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To Dream in Cuba is to Dream of Escape

To Dream in Cuba is to Dream of Escape / Jorge Olivera Castillo
Posted on February 14, 2014
“If I die from drowning, I don’t care, if here I’m dead in life.”

HAVANA, Cuba — Although it is increasingly risky, crossing 90 miles on a
raft continues to be the dream of the young people. My neighbor Alfredo
confessed to me his determination to undertake a journey that could cost
him his life. He already has the exact measurements of a raft, the
paddles and a sail, parts with which, this summer, he will try his luck
against the waters of the Straits of Florida.

“If I die from drowning, I don’t care,” he said, “completely, if here
I’m dead in life. There are no changes or anything close to it. I live
overcome by anxiety.”

As someone who is self-employed — at first — he had the illusion of
achieving some goals, that he dreamed of for more than 20 years, but the
reality was stronger than his dreams. The harassment from the State
inspectors, being forced to engage in more than one illegality in order
to make a profit, and the rising prices of raw materials on the black
market, made it impossible for him to make and sell pizzas.

Despite the risky plan to get to the United States, thousands of young
Cubans only dream of escape, like Alfredo. “It is impossible to live in
peace. Between the fines and the chance that they will close your
business for not complying with the established rules, you can’t get
ahead. This could be fatal and you can end up in jail. So I will try to
see if I can get to the Bahamas. I know it’s hard to get asylum, but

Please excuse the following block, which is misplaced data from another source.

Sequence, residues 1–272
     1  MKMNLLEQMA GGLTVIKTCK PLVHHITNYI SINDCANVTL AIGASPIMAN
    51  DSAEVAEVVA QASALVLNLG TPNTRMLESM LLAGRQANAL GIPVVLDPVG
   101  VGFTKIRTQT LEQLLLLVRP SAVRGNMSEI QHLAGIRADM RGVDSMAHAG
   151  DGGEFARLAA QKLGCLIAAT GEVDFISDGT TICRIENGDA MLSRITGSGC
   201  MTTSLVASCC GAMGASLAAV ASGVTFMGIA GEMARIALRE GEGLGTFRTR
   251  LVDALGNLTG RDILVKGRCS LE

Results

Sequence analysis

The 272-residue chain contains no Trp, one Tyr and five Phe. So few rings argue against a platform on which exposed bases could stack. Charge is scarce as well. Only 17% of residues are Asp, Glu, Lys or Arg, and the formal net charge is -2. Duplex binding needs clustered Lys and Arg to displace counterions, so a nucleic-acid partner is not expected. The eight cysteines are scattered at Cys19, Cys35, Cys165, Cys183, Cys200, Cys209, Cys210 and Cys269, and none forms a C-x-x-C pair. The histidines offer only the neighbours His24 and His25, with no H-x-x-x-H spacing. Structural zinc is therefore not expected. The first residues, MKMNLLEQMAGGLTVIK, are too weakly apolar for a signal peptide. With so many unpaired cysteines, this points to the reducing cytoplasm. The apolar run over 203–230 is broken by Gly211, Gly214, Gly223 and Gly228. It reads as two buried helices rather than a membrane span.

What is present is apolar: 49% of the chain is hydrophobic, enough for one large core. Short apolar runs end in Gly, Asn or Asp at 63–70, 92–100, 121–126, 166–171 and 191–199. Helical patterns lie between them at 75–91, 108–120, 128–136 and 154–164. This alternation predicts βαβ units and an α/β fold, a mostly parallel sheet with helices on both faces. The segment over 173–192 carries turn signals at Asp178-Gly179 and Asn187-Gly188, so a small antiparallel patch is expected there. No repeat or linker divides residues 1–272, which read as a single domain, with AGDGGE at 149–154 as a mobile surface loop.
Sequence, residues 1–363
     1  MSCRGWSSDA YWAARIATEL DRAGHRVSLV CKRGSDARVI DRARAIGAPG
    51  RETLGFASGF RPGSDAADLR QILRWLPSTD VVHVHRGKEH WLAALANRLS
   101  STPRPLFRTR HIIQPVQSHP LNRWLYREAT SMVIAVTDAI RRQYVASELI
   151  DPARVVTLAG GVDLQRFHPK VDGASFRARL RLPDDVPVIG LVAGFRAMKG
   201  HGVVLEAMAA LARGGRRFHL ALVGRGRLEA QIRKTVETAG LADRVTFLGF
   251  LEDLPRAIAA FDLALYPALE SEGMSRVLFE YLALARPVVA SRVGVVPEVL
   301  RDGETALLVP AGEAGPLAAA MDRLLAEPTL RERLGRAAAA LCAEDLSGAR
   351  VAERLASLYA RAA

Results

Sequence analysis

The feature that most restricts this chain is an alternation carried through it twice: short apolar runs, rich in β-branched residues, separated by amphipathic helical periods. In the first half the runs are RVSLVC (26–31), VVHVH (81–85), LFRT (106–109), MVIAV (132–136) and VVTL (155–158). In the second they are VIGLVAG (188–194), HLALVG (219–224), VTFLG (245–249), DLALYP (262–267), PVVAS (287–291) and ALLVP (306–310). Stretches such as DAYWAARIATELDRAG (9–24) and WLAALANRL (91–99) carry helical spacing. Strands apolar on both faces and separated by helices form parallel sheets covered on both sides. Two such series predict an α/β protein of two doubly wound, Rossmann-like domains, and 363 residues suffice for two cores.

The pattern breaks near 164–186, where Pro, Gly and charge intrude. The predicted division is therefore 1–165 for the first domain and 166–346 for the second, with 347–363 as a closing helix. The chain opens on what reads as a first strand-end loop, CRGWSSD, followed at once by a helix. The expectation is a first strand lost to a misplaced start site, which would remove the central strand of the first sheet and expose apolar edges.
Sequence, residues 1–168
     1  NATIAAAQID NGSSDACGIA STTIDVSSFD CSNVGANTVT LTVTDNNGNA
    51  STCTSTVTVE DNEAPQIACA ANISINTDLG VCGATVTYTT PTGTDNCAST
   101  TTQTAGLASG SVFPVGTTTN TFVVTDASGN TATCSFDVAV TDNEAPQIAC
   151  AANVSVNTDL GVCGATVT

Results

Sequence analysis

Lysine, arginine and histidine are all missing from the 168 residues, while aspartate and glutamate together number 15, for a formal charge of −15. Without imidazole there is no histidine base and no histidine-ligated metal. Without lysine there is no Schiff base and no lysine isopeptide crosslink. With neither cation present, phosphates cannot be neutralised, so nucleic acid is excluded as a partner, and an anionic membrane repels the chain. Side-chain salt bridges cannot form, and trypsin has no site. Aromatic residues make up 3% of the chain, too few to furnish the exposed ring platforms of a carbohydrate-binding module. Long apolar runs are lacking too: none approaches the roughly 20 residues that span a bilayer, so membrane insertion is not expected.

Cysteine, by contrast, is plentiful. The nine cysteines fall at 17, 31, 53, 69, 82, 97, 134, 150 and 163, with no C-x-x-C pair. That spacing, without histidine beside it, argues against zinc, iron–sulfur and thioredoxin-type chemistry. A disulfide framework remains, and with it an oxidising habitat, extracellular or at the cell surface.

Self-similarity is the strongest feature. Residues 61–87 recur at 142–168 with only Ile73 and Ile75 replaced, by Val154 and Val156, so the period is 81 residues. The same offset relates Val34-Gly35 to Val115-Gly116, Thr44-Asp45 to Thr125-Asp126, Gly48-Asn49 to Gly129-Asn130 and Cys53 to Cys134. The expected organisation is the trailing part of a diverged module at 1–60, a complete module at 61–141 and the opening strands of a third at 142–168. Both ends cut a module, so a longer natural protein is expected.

maybe I’ll be happy. I’m determined, whatever happens,” Alfredo says,
without listening to my advice to avoid such a dangerous solution.

In recent weeks, hundreds of the self-employed have surrendered their
licenses because of so many problems in doing their work. Without
wholesale markets and with the rampant corruption, efforts to get ahead
are in limbo. Young people just think about leaving the country.

But this exodus has grave consequences for the social and cultural
order. With low birth rates and the constant migration of young people,
the future of the island is bleak.

On the other hand, those who dream of leaving and don’t make it, sink
into marginality. Alcoholism, suicides and endless uncivilized behaviors
are the escape valves.

Alfredo is ready for the challenge. Will he reach his destination? Will
it be returned to the Island after being caught on the open sea by U.S.
Coast Guard? Will he die in the jaws of a shark?

Cubanet, 11 February 2014, Jorge Olivera Castillo

Source: To Dream in Cuba is to Dream of Escape / Jorge Olivera Castillo
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